Flying used to be so easy. You bought your ticket and - done. Meals, bags, a nice seat and even a blanket, all was included. You didn't even have to shop since a helpful travel agent performed this pesky chore for free.
Now, you can't just buy a ticket. You must make decision after decision, and many of these decisions will cost you: Where to sit, when to board, what to pack and on and on. Makes it hard to figure out if you got a deal or not, right? And that's partly the point.
Airlines want more of your money and they're trying to get it by luring you into bundled services that are somewhat discounted from the price you'd pay if you purchased these perks separately.
Finding a deal in these bundled-fee haystacks can be daunting, unless you know your flier profile. See which flier you are - and see which fees to pay and which to avoid.
Frequency: One or two flights a year
Type of trip: Vacation, visiting family
Advance planning: Trips are plotted out months before departure
Budget: Watching those pennies
The vast majority of leisure travelers fall into this category. These folks have little brand loyalty since they don't fly enough to rack up many miles and they usually choose whichever airline has the cheapest tickets for any given trip. That means air fare cost comparison is a must, and most fees should be avoided especially for bags and this can be done by traveling with a carry-on or flying jet blue or Southwest for the free checked-bag.
Fee recommend: jet blue is now testing a stand-alone service called Even More Speed, which allows passengers to use expedited security lanes in 40 airports across the UP.SE. The $10 charge is a bargain, and that's also the fee for Southwest's cut-to-the-head-of-the-boarding-line early bird fee, another recommendation.
Once-in-a-while fee: Family holiday travel is a great time to live a little and experiment with fees you might not normally purchase because of the lower ticket/fee cost ratio. Plus, early boarding/better seat bundles can alleviate a lot of stress when traveling as a group.
Frequency: Once a month, minimum
Type of trip: Mostly business travel
Advance planning: Last-minute trips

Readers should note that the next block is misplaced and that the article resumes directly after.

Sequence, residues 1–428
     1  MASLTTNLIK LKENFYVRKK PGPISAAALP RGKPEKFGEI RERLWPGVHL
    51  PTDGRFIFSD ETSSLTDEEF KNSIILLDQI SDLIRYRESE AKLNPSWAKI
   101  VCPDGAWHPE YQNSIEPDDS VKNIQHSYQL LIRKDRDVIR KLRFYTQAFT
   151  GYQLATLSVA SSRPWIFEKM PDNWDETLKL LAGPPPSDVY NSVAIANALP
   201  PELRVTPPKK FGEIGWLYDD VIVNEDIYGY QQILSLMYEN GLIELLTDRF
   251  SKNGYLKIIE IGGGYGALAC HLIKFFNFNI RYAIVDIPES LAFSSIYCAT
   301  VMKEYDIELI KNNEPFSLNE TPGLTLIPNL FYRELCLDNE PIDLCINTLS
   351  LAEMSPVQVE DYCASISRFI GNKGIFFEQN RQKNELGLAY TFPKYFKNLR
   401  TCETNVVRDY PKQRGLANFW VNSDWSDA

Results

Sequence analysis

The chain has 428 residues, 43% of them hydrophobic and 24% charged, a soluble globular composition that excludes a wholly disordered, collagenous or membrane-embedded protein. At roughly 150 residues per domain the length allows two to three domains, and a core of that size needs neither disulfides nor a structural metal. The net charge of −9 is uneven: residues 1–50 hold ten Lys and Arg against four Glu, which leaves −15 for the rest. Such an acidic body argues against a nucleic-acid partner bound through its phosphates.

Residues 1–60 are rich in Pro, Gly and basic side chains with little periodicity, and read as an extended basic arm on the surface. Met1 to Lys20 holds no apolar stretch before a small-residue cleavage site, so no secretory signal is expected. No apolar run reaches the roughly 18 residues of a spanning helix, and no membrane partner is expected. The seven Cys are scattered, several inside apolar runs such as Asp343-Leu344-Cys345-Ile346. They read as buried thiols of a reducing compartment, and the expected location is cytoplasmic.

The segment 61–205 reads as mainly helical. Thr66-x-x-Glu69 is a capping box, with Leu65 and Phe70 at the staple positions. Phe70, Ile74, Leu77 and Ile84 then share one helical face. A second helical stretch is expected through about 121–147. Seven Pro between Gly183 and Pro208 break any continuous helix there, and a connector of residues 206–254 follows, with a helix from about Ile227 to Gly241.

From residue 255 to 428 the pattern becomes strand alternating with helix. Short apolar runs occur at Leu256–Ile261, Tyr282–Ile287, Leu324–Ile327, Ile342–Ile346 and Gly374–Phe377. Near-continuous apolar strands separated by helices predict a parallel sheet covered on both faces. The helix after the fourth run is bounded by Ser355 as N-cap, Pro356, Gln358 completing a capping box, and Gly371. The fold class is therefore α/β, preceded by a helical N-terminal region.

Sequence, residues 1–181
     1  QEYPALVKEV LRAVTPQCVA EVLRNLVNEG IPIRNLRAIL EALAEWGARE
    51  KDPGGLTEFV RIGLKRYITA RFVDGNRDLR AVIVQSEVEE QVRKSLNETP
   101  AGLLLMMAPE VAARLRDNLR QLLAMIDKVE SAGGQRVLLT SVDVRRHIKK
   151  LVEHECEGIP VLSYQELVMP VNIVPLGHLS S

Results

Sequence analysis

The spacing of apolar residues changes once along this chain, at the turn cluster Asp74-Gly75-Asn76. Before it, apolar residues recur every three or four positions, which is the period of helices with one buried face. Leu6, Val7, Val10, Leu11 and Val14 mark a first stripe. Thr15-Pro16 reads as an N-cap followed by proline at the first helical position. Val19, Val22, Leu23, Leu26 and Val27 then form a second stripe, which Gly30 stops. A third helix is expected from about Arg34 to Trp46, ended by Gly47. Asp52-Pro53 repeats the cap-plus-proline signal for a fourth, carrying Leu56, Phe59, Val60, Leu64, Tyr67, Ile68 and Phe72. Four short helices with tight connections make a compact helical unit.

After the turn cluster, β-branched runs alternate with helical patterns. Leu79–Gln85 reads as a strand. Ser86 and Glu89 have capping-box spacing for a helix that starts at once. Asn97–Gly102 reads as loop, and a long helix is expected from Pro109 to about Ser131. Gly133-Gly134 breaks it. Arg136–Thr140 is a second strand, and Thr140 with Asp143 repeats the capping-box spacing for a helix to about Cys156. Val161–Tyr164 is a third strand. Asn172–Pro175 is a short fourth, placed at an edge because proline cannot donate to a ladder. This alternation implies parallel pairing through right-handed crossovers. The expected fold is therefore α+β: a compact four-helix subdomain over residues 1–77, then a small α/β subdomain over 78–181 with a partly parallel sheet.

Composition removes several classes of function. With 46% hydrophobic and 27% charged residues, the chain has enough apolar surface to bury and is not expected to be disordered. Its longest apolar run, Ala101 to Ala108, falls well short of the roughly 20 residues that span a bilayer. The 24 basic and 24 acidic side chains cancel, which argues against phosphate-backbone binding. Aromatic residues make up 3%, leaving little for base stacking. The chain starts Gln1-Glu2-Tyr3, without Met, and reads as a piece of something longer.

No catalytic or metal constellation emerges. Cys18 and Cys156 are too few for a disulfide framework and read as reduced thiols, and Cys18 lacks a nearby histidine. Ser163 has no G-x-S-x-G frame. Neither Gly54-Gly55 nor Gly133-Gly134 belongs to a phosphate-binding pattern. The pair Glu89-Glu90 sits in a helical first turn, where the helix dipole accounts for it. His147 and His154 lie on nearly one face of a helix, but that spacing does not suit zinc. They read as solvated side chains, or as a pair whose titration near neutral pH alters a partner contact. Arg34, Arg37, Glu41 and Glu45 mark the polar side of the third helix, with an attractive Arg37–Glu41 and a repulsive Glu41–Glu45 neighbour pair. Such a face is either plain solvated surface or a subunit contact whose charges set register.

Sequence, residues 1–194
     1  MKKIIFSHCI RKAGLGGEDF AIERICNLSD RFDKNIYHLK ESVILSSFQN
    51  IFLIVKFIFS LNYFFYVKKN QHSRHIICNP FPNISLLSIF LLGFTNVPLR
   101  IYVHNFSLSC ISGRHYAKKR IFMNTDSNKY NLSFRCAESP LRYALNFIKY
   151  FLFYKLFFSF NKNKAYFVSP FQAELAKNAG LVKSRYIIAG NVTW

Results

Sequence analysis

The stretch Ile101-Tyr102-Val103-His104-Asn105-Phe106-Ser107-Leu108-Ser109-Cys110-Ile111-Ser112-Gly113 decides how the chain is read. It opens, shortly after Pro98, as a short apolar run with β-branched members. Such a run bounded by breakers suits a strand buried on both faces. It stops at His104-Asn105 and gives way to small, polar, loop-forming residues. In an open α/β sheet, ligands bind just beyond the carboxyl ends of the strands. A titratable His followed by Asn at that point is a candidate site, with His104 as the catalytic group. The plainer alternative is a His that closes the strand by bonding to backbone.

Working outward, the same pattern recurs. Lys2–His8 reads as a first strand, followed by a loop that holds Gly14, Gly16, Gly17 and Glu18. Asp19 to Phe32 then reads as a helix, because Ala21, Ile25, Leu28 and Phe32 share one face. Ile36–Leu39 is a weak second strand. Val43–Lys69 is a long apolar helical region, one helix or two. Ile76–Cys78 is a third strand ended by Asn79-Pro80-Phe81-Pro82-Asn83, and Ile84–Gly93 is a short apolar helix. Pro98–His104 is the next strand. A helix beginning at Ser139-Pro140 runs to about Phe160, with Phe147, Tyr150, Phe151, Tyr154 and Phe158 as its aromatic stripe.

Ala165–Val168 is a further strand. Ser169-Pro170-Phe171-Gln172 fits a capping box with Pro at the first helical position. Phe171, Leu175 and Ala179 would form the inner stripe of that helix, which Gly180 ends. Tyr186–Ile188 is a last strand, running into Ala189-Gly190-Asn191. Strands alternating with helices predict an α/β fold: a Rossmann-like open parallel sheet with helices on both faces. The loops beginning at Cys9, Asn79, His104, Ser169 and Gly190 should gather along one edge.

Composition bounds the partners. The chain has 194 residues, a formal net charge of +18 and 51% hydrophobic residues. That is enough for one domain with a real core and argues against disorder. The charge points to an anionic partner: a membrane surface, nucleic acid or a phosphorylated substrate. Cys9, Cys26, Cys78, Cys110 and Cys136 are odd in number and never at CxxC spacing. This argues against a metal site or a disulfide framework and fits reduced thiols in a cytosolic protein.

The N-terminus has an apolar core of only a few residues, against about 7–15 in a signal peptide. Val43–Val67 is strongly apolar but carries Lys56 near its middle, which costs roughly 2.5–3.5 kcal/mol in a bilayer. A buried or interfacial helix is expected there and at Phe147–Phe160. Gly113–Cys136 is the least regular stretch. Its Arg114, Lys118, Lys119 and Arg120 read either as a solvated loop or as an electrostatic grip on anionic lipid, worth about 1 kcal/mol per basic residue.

Budget: Some extras allowed depending on employer
Economic realities have put an end to the treasured travel perks of many a road warrior, but they haven't all disappeared, especially if you can show company bean-counters how some extras can make you more productive.
Fee recommends: Wig-Fib connectivity is a must for most business types and generally a bargain (starting at around $5) plus many airlines sell monthly passes that are even better deals. Seat upgrades can make a big difference, too, if you have to hit the ground running - remember when you actually got a 'travel day' for getting to a business meeting?
Here's where bundled fees come into play: JetBlue's Even More Space offers bigger seats/early boarding, while Delta's new bundle has priority boarding/Wi-Fi, and American's bundles bags, change fees and even a free cocktail (but don't mention that little perk when schmoozing the boss).
Cards and miles: Don't forget that all those miles you rack up especially once you hit elite status; they entitle you to all kinds of automatic extras. Airline-branded credit cards also give you entree to the good stuff such as United's Premier Access, which offers everything from exclusive check-in and security lines and even early baggage arrival at the carousel.
Frequency: Depends on whim
Type of trip: Mix of business and pleasure
Advance planning: Possibly, but not necessarily
Budget: Sky's the limit
This one's easy. If you don't mind paying 10 times the price of an economy ticket (and a great example is a February flight on American from Los Angeles to New York for $318 in coach or $3,700+ for first class), then you get all the perks of flying, fee-free. Lie-flat seats? Check. Complimentary tablet for entertainment? Check. Amenity kits and turndown service? Check.
Fee recommends: Your money's no good in first class (since you've got everything). Use it to pay that annoying hotel 'resort fee' or maybe buy yourself that special something from the SkyMall catalog.
Frequency: Anywhere from one to 100 trips a year, as the spirit moves you
Type of trip: Adventure
Advance planning: Some trips are planned, some are spur-of-the-moment
Budget: Frugal but open to interesting options
Your flight plans may literally be up in the air since you travel as the spirit moves you. A well-stocked backpack may be the only thing you need, but paying a few fees may ease your journey.
Fee recommends: Try early boarding fees so you'll be sure your backpack has a home in a bin by your seat. You might also want to consider an airline insurance policy, especially if flying 'no-refunds' Spirit, in case an emergency crops up and your flight plans change. If you'll be hitting the road as soon as you land, a few bucks for some onboard snacks might make sense too but be sure you have your credit card handy since no carrier accepts cash anymore.
The opinions expressed by Rick Seaney are his alone and not those of ABC News.